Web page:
To some, a misguided Lamarckian and a fraud, to others a martyr in the fight against Darwinism, the Viennese zoologist Paul Kammerer (1880-1926) remains one of the most controversial scientists of the early 20th century. Here his work is reconsidered in light of turn-of-the-century problems in evolutionary theory and experimental methodology, as seen from Kammerer's perspective in Vienna. Kammerer emerges not as an opponent of Darwinism, but as one would-be modernizer of the 19th-century theory, which had included a role for (...)
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  8. Darwinism Extended: A Survey of How the Idea of Cultural Evolution Evolved.Chris Buskes - 2013 - Philosophia 41 (3):661-691.
    In the past 150 years there have been many attempts to draw parallels between cultural and biological evolution. Most of these attempts were flawed due to lack of knowledge and false ideas about evolution. In recent decades these shortcomings have been cleared away, thus triggering a renewed interest in the subject. This paper offers a critical survey of the main issues and arguments in that discussion. The paper starts with an explication of the Darwinian algorithm of evolution. It is argued (...)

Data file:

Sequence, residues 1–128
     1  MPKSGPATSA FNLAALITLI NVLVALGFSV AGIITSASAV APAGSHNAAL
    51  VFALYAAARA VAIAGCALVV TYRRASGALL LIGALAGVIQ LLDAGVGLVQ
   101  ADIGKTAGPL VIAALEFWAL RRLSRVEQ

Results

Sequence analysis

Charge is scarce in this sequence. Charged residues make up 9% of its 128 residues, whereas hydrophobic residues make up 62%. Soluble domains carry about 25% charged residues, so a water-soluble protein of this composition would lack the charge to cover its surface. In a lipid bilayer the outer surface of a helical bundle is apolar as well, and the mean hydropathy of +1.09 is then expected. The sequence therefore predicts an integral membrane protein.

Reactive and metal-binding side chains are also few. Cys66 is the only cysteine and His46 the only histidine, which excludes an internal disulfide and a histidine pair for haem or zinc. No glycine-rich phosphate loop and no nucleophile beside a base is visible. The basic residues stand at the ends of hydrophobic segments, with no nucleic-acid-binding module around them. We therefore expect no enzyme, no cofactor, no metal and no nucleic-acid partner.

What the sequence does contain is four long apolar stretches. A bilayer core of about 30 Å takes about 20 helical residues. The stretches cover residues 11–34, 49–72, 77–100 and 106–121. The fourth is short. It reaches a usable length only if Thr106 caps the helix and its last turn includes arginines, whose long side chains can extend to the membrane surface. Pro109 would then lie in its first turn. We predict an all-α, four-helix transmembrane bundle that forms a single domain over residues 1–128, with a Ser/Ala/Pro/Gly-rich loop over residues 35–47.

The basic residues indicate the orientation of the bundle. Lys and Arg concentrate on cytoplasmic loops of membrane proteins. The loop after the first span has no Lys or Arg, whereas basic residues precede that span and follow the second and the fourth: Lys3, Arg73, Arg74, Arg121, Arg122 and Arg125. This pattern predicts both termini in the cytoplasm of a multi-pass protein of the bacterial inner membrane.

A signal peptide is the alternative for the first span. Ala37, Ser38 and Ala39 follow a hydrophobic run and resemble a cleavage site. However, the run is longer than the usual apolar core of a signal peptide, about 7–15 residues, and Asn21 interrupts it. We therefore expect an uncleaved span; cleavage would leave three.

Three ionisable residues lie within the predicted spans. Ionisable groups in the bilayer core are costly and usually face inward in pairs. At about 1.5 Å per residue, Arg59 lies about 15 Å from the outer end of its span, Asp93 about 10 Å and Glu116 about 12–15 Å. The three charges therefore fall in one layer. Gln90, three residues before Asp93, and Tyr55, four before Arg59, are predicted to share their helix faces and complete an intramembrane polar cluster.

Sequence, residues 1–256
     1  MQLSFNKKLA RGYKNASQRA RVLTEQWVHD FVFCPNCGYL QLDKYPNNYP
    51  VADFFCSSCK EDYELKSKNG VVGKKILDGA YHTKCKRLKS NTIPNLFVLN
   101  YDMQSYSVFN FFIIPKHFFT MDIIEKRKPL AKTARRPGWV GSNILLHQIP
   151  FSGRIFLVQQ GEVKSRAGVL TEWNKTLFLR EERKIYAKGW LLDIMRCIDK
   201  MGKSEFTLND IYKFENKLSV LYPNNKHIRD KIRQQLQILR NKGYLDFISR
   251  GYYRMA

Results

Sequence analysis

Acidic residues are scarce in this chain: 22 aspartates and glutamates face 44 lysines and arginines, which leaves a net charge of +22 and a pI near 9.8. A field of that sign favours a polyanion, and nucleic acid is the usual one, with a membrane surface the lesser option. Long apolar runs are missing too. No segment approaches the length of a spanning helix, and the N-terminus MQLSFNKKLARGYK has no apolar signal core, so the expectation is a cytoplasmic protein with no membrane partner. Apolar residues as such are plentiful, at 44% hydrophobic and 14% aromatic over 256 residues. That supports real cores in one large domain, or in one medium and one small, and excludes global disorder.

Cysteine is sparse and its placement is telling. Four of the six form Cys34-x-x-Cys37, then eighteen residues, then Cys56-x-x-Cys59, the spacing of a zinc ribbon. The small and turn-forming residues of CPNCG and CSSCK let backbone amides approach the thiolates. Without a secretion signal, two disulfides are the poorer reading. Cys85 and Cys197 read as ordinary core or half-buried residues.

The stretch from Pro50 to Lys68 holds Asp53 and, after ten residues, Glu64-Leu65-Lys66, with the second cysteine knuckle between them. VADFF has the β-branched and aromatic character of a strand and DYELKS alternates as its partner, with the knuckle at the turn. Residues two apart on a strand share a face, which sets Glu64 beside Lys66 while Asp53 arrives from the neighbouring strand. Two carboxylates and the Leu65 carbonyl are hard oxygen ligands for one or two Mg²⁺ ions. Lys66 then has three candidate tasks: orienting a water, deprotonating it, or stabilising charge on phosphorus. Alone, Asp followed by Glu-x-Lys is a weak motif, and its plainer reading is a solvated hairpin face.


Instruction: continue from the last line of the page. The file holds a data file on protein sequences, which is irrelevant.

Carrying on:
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  9.  16
    Molecular Lamarckism: On the Evolution of Human Intelligence.Fredric M. Menger - 2017 - World Futures 73 (2):89-103.
    In modern times, Lamarck's view of evolution, based on inheritance of acquired traits has been superseded by neo-Darwinism, based on random DNA mutations. This article begins with a series of observations suggesting that Lamarckian inheritance is in fact operative throughout Nature. I then launch into a discussion of human intelligence that is the most important feature of human evolution that cannot be easily explained by mutational selection. Thus, we are smarter than demanded by our evolutionary experience as hunter-gatherers. The difficulty (...)
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  10.  10
    Freud’s Lamarckism’ and the Politics of Racial Science.Eliza Slavet - 2008 - Journal of the History of Biology 41 (1):37 - 80.